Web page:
Civil forfeitures are big business in Worcester County, where Early has been the elected district attorney since 2006. His office brought in nearly $4 million in forfeitures in just the latest four years, from fiscal 2017 through 2020, according to analyses by the state’s trial court.
Where that money goes is notable. In almost all cases, the proceeds are split 50/50 between the Worcester County district attorney’s office and the local or state police department that handled the seizure. That’s legal in Massachusetts, but it’s a system rife with conflicts of interest because the offices confiscating the money also stand to benefit from it, lawyers and civil rights advocates say.
Early has been criticized by the state auditor for spending forfeiture funds on a Zamboni ice-clearing machine and tree-trimming equipment. Over the years, his office has posted photos on its website of Early handing out checks for “Drug Forfeiture Community Reinvestment,” to pay for baseball and softball fields or to support a cheerleading team.
Early said he’s proud that his office has spent large sums of confiscated money on youth programs and drug prevention. “I love taking the drug dealers’ money. I love taking their lifeblood and putting it back into the community,” he said.
But WBUR’s analysis shows many of the people who lose money to Early’s office are not charged with dealing drugs.
Preying on the Poor
While the system has evolved into a significant revenue source, it started as a remnant of old English law. Civil forfeiture was pioneered at the federal level in 1970, touted as a tool in the war on drugs. The idea was to financially weaken big drug dealers and gangs by allowing police to take their money, property and drugs.
When the drug forfeiture law was adopted in Massachusetts in 1971, it required prosecutors to show a “preponderance of evidence” to support a seizure. Specifically, they had to establish that seized property or money was “more likely than not” involved in a drug crime. In 1989, Massachusetts lawmakers eased the rules to the current “probable cause” standard, the least demanding burden of proof in the American legal system. Massachusetts was not alone at the time, but it’s the only state that in the intervening years has not reinstated a higher level of proof, according to an Institute for Justice report.
Police in this state can take money or belongings based merely on the reasonable suspicion that someone is involved in drug activity. Often police cite people appearing nervous, carrying rolls of $20 bills or traveling on what officers call a “well-known route used by drug traffickers” as the justification for seizure.
The U.S. Supreme Court in 2019 ruled unanimously on a civil forfeiture case, Timbs v. Indiana, that the state’s forfeiture of a man’s $42,000 Range Rover was unconstitutional. The court found that confiscating his vehicle was “grossly disproportionate” to the seriousness of his crime — the sale of $225 worth of heroin — and violated the Eighth Amendment protection from excessive government fines, as well as the 14th Amendment right to due process.
The Timbs ruling was cited this year in a case involving a Massachusetts woman whose car was confiscated for six years after police suspected it was connected to drug trafficking charges her son was facing. The son died before prosecutors finished trying the case. The woman faced no charges. The Berkshire County district attorney finally released the vehicle, after a high-profile legal group stepped in to sue the DA on her behalf.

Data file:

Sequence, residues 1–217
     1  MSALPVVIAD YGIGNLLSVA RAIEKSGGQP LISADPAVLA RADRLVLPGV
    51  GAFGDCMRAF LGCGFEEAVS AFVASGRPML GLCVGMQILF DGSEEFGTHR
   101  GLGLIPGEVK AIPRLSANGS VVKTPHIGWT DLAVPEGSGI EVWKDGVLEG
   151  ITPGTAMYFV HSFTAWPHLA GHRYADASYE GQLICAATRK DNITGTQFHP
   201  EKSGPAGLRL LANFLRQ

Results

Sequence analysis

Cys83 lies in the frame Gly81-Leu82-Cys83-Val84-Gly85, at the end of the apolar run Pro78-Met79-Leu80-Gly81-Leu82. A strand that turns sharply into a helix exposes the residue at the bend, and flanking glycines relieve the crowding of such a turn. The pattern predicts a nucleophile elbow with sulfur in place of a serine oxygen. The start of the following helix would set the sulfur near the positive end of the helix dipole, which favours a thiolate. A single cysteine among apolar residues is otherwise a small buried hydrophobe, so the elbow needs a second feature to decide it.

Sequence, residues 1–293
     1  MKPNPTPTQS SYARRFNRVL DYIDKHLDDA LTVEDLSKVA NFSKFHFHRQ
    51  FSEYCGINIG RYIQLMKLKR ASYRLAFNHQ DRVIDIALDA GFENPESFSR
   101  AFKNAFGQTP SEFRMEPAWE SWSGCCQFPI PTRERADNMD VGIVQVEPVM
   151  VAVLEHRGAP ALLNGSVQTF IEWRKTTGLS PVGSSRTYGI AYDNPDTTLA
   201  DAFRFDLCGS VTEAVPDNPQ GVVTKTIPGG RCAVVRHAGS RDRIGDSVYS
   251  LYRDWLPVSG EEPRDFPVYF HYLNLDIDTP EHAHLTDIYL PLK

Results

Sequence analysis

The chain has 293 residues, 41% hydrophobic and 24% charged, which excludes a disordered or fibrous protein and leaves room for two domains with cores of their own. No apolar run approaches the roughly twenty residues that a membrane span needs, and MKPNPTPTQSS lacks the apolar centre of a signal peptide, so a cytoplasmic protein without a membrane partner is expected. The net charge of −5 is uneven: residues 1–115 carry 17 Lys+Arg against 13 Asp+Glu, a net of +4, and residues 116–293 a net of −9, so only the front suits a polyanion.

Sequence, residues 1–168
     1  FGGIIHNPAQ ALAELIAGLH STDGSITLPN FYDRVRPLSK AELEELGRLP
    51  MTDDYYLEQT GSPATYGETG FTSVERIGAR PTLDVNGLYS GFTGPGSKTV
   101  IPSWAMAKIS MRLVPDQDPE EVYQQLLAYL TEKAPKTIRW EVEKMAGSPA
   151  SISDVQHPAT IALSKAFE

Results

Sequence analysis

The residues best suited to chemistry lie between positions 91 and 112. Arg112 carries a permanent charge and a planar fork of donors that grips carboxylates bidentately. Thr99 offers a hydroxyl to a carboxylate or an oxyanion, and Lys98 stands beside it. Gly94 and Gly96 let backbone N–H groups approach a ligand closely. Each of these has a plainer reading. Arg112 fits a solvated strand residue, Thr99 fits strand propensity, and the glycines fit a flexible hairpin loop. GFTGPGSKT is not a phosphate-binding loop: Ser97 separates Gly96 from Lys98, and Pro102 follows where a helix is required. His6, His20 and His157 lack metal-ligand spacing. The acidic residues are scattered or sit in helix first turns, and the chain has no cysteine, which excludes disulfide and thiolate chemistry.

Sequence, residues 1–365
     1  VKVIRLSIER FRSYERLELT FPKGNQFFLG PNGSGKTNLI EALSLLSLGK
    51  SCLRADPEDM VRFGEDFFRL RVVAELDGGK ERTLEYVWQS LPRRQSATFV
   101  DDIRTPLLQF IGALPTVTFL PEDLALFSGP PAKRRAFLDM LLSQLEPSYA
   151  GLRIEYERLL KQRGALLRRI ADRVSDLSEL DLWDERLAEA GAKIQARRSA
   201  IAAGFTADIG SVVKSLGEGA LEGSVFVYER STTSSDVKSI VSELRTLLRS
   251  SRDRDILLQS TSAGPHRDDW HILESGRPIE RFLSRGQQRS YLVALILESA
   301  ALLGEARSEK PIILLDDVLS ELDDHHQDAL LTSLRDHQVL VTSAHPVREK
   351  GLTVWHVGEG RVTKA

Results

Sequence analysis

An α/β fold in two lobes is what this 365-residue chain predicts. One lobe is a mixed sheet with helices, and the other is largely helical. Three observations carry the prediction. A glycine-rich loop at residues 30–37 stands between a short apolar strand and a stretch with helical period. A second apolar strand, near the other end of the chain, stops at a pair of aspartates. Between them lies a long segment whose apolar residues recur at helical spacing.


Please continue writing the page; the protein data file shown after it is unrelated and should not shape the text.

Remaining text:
In other New England states, people have a better chance of getting their belongings back from seizures.
Connecticut, New Hampshire and Vermont all require some form of criminal conviction for the forfeiture of property. And in Rhode Island, prosecutors must meet the preponderance-of-evidence standard. In federal cases too, the law has changed from probable cause to a higher standard of proof; the government must show that property is “likely” connected to a crime in order to forfeit it.
And Maine has gone a step further. It recently passed a bill to abolish civil forfeiture, becoming the fourth state in the nation to do so. The law now requires a criminal conviction before law enforcement can permanently take property.
The Massachusetts forfeiture law was originally intended to go after people involved in large drug rings. But Rulli, the University of Pennsylvania professor, said there has been a shift in how forfeiture is deployed at the street level, targeting people involved in petty crimes or marijuana sales, or no crime at all.
“This became a very lucrative area of revenue. And as a result it got applied to ordinary folks,” rather than focusing solely on drug kingpins, he said.
WBUR’s analysis of Worcester County forfeitures from 2017 through 2019 found that more than half of the seizures in these cases were for less than $500. In one incident, Fitchburg police seized $10 from a man listed as homeless. In another, Sturbridge police took $10 from a 14-year-old boy.
State Rep. Jay Livingstone, who represents the Back Bay, Beacon Hill and parts of Cambridge, is a former assistant district attorney for Middlesex County. He said civil forfeiture tends to disproportionately affect poor people, and he’s witnessed law enforcement “taking small amounts of money from people that really can’t afford it.”
After filing two unsuccessful measures to overhaul the forfeiture system in Massachusetts, Livingstone now has a third reform measure pending in the Legislature’s Joint Committee on the Judiciary that would require a conviction and provide legal counsel to the indigent.